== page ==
mazanki (fiddle)

photo: Waldemar Kielichowski © Institute of Music and Dance, Warsaw

Local name: mazanki
Classification: 3 Chordophones / 32 Composite chordophones / 321 Lutes / 321.3 Handle lutes / 321.32 Necked lutes / 321.322 Necked box lutes or necked guitars / 321.322-71 Necked box lutes or necked guitars sounded by bowing with a bow
Maker: Śliwa Tomasz
Date: ca 1960
Village / Town: Chrośnica
Region: Greater Poland
Country: Polska
Owner: Musical Instrument Museum, department of the National Museum in Poznań
Inventory number: MNP I 1924
Description: a newer, violinised, form of the mazanki introduced by Tomasz Śliwa from S. Moniuszko Music School in Zbąszyń (with clearly formed four corners, which makes the upper bout in particular markedly wider); back plate, ribs, neck and pegbox carved from one piece of wood; three strings; f-holes without crosswise cuts; a hole in the top plate for the longer foot of the bridge (which is supported by the back plate); instrument in parts, before assembling
Measurements: 493 x 153 x 21 mm
Materials: wood
Sound compass, tuning: in 5th (e.g. f' – c'' – g''), adjusted to the black goat's tuning, higher than violin’s one
Performance practice: an instrument with medieval roots; before World War I used during the ritual part of the wedding (wedding feast) together with the wedding bagpipe; after World War II reactivated in the S. Moniuszko Music School in Zbąszyń; now used in the folk revival, too. Kierski (1861): "From the arrival of the guests until the first supper, the violinist uses a small and very high-pitched violin called mazanki, and for the lack of one he ties up an ordinary violin almost in the middle, which makes it emit a shrill sound like the mazanki [he is accompanied by a musician playing a black goat]. For as long as the mazanki is playing, the groom should treat the guests to his vodka and beer and pay for any damage himself. But once the violin starts playing [which is accompanied by the white goat], all the costs for vodka and beer and other unforeseen expenses or damages should be borne by the wedding guests. Until supper, the guests remain in the fine clothes that they wore in the church; thereafter, they cast off their overcoats, don their cloth undercoats, made of navy blue cloth, and the merriment lasts until morning."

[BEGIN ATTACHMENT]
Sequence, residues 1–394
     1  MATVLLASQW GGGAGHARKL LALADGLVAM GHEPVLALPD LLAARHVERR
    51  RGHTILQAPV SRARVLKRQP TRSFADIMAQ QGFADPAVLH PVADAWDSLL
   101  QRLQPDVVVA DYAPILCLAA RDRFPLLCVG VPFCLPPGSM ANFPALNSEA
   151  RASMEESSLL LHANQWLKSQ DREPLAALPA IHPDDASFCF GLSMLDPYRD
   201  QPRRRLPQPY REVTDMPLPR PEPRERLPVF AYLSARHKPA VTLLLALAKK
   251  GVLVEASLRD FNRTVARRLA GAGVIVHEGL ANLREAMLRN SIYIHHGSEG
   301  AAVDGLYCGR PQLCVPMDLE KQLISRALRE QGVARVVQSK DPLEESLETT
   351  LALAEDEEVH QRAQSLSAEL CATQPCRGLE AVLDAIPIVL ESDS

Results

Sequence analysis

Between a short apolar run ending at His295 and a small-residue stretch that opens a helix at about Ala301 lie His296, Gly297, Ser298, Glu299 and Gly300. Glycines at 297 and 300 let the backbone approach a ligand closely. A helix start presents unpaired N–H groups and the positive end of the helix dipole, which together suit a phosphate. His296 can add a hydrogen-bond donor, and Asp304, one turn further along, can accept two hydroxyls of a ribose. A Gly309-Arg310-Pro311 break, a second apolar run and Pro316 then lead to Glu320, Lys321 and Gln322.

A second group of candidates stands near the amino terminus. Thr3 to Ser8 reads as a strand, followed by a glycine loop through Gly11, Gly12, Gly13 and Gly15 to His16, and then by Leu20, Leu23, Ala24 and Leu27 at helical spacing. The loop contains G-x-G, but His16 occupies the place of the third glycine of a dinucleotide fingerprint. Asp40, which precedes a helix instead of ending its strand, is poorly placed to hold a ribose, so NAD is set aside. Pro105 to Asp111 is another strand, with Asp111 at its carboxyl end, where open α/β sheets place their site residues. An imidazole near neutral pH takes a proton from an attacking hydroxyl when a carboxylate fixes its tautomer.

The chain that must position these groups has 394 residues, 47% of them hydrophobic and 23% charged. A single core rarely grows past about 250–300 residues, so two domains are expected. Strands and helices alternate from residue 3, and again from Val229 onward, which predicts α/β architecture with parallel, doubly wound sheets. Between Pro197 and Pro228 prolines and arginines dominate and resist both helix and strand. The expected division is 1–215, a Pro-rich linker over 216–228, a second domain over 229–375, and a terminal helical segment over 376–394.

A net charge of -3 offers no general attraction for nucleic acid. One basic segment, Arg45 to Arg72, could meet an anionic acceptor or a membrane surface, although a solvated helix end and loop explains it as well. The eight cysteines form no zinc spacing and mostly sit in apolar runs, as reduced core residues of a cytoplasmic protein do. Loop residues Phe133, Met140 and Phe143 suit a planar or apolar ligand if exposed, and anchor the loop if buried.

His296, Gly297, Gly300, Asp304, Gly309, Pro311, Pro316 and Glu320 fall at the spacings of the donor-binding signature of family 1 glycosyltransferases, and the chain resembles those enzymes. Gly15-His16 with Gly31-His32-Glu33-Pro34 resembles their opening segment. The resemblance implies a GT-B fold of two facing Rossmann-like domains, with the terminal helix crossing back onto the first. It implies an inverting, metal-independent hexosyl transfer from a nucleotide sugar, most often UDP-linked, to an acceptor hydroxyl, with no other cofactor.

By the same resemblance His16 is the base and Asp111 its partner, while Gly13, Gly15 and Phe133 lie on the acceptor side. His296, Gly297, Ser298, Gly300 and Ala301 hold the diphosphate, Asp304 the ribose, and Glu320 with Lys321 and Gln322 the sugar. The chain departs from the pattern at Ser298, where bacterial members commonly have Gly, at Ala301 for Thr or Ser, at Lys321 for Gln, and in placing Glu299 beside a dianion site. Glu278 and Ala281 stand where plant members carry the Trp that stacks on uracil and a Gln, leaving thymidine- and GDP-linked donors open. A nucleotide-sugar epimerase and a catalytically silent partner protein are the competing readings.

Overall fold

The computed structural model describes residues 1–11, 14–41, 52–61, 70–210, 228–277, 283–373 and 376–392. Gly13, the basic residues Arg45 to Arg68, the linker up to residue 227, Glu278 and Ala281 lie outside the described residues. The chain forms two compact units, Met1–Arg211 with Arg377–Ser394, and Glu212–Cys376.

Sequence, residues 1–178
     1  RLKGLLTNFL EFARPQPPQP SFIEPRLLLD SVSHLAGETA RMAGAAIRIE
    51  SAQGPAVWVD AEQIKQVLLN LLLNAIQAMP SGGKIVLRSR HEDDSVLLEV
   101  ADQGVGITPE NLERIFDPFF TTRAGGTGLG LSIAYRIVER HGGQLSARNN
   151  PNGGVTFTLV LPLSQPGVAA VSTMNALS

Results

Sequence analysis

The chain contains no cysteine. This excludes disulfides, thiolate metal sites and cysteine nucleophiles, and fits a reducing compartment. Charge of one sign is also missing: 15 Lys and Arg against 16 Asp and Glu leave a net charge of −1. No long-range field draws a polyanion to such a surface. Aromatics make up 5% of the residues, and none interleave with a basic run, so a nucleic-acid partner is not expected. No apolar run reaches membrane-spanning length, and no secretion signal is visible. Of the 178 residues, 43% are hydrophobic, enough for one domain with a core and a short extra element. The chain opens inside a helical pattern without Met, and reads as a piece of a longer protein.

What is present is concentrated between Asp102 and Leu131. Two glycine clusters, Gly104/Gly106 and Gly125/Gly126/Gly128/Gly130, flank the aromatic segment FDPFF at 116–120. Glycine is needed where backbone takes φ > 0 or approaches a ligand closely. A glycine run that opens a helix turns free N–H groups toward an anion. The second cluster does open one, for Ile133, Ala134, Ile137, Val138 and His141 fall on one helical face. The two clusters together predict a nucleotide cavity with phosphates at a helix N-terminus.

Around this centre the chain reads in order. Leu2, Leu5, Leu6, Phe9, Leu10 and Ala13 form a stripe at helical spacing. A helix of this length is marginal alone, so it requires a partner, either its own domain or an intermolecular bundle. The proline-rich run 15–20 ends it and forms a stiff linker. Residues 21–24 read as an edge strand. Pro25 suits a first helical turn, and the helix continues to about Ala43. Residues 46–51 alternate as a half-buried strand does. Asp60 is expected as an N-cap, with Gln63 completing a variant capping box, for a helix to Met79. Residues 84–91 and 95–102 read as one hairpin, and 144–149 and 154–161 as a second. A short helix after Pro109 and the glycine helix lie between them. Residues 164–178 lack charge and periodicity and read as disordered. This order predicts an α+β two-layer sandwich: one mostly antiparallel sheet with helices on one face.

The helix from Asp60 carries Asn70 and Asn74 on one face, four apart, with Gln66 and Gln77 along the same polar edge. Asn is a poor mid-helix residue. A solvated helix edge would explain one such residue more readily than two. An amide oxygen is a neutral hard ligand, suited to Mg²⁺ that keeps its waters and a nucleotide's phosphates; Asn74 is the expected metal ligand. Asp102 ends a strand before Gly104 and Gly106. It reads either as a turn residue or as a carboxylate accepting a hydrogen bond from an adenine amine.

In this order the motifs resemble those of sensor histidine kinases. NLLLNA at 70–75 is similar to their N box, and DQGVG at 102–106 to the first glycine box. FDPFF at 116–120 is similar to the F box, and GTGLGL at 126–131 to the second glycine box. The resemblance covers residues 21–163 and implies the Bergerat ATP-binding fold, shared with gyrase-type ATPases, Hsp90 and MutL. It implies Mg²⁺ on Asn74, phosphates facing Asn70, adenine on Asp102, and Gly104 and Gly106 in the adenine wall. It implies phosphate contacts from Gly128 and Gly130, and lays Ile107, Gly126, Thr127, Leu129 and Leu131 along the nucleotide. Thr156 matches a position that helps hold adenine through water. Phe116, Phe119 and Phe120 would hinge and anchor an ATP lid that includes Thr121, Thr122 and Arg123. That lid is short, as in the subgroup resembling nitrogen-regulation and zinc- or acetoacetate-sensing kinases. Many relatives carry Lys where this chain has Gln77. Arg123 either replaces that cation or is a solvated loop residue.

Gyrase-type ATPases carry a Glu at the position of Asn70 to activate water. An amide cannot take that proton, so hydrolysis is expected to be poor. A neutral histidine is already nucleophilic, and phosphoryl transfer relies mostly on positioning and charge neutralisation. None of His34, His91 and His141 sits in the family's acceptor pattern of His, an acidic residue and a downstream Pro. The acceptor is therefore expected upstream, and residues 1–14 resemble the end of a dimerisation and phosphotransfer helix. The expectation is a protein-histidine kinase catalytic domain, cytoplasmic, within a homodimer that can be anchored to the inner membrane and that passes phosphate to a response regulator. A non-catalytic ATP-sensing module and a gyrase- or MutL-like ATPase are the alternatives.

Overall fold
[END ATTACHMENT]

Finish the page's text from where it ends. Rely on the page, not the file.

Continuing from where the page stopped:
Catalog card by: Janusz Jaskulski / Zbigniew J. Przerembski

Oberek; Edward Rybicki (1908-1983, Stefanowo), mazanki; rec. Warsaw 1949; Sources of Polish Folk Music

Edward Rybicki, mazanki; rec. Jadwiga and Marian Sobieski, Chrośnica 1950; ISPAN

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